There is something satisfying about gathering and sorting our recyclables, then taking them all to our local recycling center where they magically “go away”. But there is no such thing as “away”.
China started importing scrap in 2001, after joining the World Trade Organization. Soon the bulk of the world’s recyclables went to China; materials such as metal, plastics, textiles, rubber and paper. In 2012 recyclables became the US number two export to China, second only to soybeans. According to the International Solid Waste Association, in 2012 China bought 70 percent of the world’s plastic waste exports. Whereas, the United States sent the bulk of all recyclables including 68 percent of all aluminum scrap, 70 percent recovered paper and 58 percent plastic scraps.
Industry preferred China due to their lower wages and minimal environmental standards. Especially prevalent plastics were sorted, cleaned, and broken down into plastic resin used to make everything from cosmetics to laptop cases and shipped back. But with those recyclables came trash, mountains of it. China became the world’s trash dump. The Chinese citizens became outraged over the noxious air and polluted waterways so in 2013, the government implemented Operation Green Fence.
With China’s new standards, when ships contained recyclables with higher than 1.5 percent contamination, non-compliant import licenses were suspended, and the shipment was rejected and sent back. This caused a huge industry upset. Commodity value went down as we accumulated a huge stockpile of recyclables.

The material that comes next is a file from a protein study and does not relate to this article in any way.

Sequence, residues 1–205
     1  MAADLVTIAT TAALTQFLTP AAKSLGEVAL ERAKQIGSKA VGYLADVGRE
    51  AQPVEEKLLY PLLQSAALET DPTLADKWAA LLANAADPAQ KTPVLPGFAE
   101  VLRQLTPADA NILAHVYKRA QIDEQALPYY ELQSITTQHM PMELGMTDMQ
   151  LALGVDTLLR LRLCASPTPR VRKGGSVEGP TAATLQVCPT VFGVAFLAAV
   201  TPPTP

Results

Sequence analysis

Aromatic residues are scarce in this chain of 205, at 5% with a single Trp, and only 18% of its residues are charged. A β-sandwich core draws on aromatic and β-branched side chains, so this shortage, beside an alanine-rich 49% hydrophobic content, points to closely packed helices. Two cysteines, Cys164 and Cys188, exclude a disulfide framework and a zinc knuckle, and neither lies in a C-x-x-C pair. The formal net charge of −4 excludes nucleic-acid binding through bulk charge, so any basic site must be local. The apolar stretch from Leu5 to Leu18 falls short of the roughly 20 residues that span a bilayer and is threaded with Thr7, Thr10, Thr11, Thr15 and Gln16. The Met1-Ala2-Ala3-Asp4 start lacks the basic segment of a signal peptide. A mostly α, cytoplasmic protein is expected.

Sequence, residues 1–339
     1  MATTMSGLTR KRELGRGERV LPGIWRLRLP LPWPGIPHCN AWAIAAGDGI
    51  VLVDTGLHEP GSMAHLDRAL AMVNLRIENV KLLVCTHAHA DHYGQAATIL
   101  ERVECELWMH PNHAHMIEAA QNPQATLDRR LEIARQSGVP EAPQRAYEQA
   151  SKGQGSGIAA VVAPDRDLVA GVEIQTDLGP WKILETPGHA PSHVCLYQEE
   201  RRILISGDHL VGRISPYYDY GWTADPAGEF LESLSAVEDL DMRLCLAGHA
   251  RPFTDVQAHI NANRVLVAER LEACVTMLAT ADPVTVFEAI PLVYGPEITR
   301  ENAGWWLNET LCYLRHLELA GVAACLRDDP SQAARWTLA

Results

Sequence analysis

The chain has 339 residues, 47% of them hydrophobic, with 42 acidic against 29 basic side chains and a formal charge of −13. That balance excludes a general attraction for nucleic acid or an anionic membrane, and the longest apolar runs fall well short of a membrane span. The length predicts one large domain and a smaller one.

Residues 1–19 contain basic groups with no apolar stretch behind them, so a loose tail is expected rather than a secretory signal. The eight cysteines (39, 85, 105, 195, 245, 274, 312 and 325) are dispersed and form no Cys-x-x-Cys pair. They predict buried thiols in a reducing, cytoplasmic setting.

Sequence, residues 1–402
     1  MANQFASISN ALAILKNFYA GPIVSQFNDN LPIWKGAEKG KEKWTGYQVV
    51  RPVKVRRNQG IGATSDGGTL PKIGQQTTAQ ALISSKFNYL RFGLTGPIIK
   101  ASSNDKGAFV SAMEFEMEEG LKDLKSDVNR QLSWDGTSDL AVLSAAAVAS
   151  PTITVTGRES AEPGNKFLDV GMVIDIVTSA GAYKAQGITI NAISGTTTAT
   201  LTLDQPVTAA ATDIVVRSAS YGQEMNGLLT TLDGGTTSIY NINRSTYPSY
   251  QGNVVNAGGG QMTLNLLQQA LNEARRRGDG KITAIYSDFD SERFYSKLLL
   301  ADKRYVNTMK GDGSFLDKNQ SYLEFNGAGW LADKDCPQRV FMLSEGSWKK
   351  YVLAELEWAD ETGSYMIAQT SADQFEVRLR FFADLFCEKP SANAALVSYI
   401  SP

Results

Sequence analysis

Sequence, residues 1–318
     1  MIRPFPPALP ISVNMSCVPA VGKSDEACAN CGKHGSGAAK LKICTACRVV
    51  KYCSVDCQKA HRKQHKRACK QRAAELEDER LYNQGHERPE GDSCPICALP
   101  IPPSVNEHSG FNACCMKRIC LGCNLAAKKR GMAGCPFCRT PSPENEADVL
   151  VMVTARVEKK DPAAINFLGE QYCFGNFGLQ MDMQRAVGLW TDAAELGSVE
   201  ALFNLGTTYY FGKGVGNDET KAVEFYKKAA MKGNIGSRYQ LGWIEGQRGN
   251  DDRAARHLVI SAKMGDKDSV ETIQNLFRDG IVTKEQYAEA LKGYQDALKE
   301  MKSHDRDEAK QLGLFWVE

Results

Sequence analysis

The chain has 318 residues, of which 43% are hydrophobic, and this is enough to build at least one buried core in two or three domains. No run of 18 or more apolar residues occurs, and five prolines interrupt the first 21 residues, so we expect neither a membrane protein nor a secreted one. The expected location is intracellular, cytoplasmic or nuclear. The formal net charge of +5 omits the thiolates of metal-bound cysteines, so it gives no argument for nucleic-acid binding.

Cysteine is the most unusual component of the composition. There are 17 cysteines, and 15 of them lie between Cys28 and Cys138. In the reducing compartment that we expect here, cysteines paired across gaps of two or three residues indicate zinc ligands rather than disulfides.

Unfortunately, some traders have chosen to continue to sell their lack-luster recyclables to countries with lower standards such as Vietnam, Indonesia and Malaysia. Once there those countries are saddled with extra trash, then likely sort it and ship it on to China. Other recycling facilities have built in a second sorting step and send the recyclables on to China or simply keep those valuable resources here.
With these new standards, we have a real opportunity to become innovative and build a strong domestic recycling market in the United States, embracing the value of recyclables instead of shipping it away. Improved systems will create resources with higher value and keep them away from our landfills. By creating our own sustainable recycling markets, we will save energy, reduce pollution, create jobs and boost our economy.Here are ways we can help –
Reduce and Reuse First – The thought of empty plastic water bottles traveling all the way to China is mind boggling!
Better Recyclables – Sort your recyclables as requested and don’t drop off soiled containers or trash.
Recycling Dumpsters for Businesses – Support any minimal fees local recycling centers need to charge for the convenience of picking up your recyclables.
Close the Loop – Buy Stuff made out of recycled materials.